Grilled Beef & Fig Kabob Salad with Merlot Vinaigrette

Optimal protein and mouth-watering taste: beef held over a flame.

Grilled Beef & Fig Kabob Salad with Merlot Vinaigrette


Disclosure: I received beef product mentioned in the post at no cost. By posting this recipe I am entering a recipe contest sponsored by The Beef Checkoff and am eligible to win prizes associated with the contest. I was not compensated for my time.

How much protein is enough? It’s a question frequently asked by strength and conditioning coaches, and  perhaps it’s one that you too have asked.  The RDA for protein  ( set at 0.8 grams per kilogram of body weight), is considered the amount nessessary to cover protein losses, a margin of error and prevent protein deficiency. But is it enough for you?

I’m a stickler for consuming 20-30 grams of protein at each of three meals per day  (also an important consideration when I am designing diets for the health and well-being of my patients). I base this on the current scientific evidence that underscores the importance of optimal intakes of high-quality protein and timing of protein throughout the day to  achieve and maintain a healthy weight, improve metabolic function and support healthy aging.

Let me explain the power of protein. Protein builds  and repairs muscle. It helps with weight loss  and the ability to reduce body fat.  It gives us the feeling of fullness which helps reduce mindless eating. I challenge you to consume 20- 30 grams of protein at each meal and feel the difference.

Not all protein is created equal. For me, chosing protein wisely means selecting easily digestible sources and high quality or ‘complete proteins’ found in animal based foods such as lean meats, poultry, fish, eggs and low fat milk/dairy. I consume a variety of protein sources, including lean beef; a three ounce portion  provides 25 grams of protein and 10 essential nutritients. I am posting a  recipe that will fill any healthy plate and satisfies my desire for a classic summer food: beef held over a flame. I  teamed  it up with fresh harvested figs, and unified them on a bed of baby arugula top with with Monterery Jack cheese and a Merlot vinaigrette. This is the meal that provides optimal protein and mouth- watering  taste! WIN! WIN!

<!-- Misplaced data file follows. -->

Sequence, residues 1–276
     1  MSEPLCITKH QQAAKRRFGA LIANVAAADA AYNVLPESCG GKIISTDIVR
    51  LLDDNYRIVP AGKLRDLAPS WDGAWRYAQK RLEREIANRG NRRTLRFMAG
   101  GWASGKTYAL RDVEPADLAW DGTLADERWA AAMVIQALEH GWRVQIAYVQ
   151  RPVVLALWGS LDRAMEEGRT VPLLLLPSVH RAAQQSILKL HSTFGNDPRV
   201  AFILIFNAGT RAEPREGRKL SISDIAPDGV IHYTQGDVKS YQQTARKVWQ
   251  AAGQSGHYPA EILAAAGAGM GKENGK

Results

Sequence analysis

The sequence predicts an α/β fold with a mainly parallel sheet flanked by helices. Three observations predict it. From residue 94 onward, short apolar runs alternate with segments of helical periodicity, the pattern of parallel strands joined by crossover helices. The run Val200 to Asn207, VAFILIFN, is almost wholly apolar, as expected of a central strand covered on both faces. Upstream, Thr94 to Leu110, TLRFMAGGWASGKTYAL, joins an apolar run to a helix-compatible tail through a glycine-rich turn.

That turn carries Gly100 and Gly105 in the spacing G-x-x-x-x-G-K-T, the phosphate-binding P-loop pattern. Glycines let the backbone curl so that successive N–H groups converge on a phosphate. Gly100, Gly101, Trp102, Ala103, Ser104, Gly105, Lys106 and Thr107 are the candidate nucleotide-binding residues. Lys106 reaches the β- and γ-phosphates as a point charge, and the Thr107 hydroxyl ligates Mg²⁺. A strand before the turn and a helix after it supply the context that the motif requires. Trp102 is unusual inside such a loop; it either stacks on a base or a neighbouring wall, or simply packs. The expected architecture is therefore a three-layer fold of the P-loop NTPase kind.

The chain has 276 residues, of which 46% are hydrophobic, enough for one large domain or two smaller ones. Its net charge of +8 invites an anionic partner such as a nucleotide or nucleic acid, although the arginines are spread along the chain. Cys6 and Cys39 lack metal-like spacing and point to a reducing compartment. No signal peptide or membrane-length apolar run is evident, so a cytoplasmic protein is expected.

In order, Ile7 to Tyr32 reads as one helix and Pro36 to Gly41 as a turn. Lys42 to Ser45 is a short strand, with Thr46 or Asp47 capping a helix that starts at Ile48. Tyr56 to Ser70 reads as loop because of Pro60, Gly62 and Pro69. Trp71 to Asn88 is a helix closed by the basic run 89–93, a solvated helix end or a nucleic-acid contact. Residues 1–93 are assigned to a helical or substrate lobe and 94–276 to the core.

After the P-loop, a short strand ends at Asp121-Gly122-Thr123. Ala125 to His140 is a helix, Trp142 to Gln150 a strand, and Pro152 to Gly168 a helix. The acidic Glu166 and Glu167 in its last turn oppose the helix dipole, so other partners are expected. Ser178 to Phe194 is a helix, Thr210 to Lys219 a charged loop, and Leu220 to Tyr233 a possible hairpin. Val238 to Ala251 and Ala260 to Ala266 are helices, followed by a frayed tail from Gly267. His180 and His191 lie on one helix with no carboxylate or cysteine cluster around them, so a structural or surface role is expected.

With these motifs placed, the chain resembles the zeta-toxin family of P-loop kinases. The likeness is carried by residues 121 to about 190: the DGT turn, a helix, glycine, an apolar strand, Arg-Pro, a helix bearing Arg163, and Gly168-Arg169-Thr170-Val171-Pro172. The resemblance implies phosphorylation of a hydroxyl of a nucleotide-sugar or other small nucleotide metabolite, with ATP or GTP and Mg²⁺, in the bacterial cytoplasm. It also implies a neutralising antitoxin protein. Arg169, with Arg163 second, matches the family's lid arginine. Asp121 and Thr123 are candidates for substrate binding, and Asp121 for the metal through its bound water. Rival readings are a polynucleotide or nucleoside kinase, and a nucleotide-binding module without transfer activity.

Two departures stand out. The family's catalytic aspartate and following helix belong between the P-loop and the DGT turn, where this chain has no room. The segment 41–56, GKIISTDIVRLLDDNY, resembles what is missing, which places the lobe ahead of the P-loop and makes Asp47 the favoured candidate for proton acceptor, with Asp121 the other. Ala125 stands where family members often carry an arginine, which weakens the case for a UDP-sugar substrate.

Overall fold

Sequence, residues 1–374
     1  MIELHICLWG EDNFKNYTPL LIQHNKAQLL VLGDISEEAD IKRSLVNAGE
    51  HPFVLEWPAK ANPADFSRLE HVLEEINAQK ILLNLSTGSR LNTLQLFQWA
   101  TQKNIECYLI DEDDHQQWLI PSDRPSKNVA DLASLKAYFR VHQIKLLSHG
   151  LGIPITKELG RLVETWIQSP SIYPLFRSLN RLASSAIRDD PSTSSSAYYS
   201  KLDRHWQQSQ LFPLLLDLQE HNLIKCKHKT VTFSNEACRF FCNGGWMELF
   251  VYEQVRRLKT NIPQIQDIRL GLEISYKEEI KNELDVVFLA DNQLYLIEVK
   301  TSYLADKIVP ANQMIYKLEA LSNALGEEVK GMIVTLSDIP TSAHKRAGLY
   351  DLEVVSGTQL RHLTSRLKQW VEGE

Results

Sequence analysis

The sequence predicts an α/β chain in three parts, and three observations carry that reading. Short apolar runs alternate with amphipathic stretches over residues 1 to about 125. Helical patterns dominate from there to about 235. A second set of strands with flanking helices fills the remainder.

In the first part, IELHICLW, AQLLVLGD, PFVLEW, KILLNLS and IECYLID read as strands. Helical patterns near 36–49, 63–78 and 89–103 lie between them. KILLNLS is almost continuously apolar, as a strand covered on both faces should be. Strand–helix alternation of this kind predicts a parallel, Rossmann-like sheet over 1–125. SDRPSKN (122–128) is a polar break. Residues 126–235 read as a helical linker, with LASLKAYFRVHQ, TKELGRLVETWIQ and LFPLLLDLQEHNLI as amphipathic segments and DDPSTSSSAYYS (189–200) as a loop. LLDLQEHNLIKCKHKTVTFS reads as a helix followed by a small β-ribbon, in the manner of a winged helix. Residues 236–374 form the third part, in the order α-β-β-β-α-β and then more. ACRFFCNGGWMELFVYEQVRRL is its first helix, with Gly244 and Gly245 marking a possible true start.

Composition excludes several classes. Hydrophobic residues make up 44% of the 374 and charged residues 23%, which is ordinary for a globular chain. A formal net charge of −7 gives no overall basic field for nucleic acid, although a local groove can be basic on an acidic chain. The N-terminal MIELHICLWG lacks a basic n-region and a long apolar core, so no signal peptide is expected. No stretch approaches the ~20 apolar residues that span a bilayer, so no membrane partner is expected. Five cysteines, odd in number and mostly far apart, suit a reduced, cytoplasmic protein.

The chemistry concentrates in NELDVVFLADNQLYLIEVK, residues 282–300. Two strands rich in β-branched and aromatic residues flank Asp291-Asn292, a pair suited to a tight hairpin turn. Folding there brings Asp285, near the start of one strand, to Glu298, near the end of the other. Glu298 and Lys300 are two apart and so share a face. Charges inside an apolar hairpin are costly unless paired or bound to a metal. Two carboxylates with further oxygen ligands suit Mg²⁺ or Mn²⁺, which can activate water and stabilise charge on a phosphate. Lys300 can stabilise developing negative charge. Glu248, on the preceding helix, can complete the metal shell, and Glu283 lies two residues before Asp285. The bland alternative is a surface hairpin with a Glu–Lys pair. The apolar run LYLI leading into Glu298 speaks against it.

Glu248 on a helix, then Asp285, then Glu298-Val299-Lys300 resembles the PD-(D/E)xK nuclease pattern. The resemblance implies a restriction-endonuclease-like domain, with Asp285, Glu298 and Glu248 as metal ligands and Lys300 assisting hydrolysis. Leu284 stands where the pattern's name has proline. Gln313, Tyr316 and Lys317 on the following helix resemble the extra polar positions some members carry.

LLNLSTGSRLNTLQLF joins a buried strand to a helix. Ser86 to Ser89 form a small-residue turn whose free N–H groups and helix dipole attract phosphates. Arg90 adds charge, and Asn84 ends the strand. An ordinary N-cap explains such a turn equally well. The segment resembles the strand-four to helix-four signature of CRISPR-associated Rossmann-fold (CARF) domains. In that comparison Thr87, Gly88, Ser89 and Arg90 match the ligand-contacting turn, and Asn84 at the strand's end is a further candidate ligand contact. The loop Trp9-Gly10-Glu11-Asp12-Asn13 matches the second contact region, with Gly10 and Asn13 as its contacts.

Grilled Beef & Fig Kabob Salad with Merlot Vinaigrette


Grilled Beef and Fig Kabob Salad with Merlot Vinaigrette

by Diane Boyd

Ingredients (serves 4)

  • 3/4 cup Merlot
  • 1/2 cup balsamic vinegar
  • 2 tablespoons honey
  • 1 thyme sprig
  • 1 1/4 pound Top Sirloin Steak, boneless cut into 3/4 inch cubes
  • 16 basil leaves
  • cooking spray
  •  Himalayan salt to taste
  • 12 firm fresh brown turkey figs
  • 5 oz. baby arugula
  • 2 oz. Monterey Jack Cheese, grated
  • 2 teaspoons fresh thyme
  • 8 wooden (8 inch) skewers


1. Soak wooden skewers in water for 30 minutes before putting on grill.

2. Combine wine, balsamic vinegar, honey and thyme in a small sauce pan over medium high heat. Bring to a boil; cook until reduced to 1/2 cup (about 15 minutes). Discard thyme.

3. Preheat grill.

4. Thread 6 beef cubes alternating with basil leaves onto each of 4 (8 inch) wooden skewers.

5. Thread 6 fig halves onto each of 4 (8 inch) skewers, cut sides facing the same direction. Coat with cooking spray. Sprinkle with Himalyan salt.

6. Place skewered beef and basil onto grill rack coated with cooking spray. Grill a total of about 12 minutes, turning to brown all sides. Brush beef with half of wine mixture during final minute of cooking.

7. Place fig skewers on grill, cut side down. Grill 3 minutes; turn over and grill one additional minute.

8. Divide arugula between 4 plates. Top with  skewers of grilled beef and figs. Drizzle with remaining Merlot vinaigrette. Finish with grated cheese and garnish with additional thyme.

Powered by Recipage

Ten Reasons Why You Should Care About Muscle Maintenace

 Ten reasons you should care about muscle maintenanceHealthy muscle isn’t just about being bigger and stronger. More than any other single factor, muscle loss is responsible for the frailty and diminished vitality we associate with old age. As I mentioned in my last post, Get After It In 2015, this starts as early as age thirty-five. (Between the ages of 35 and 80, we lose one-third of our muscle.)  But it doesn’t have to happen to you. A physically active lifestyle, along with a nutritious diet, can reduce age-related decline.  Here are the top 10 reasons you should care about muscle maintenance: Ten reasons you should care about muscle maintenance

For ALL of the above, my nutrition counseling is designed with muscle maintenance in mind. Whether you’re trying to lose weight, eat ‘cleaner’ , or change your body compostion, maintaining muscle mass should be a priority.  Please stay tuned for my upcoming posts that will incorporate tips to maintain and/or increase muscle.

What inspires you to embrace a physically active lifestyle along with a nutritious diet?

Social media & sharing icons powered by UltimatelySocial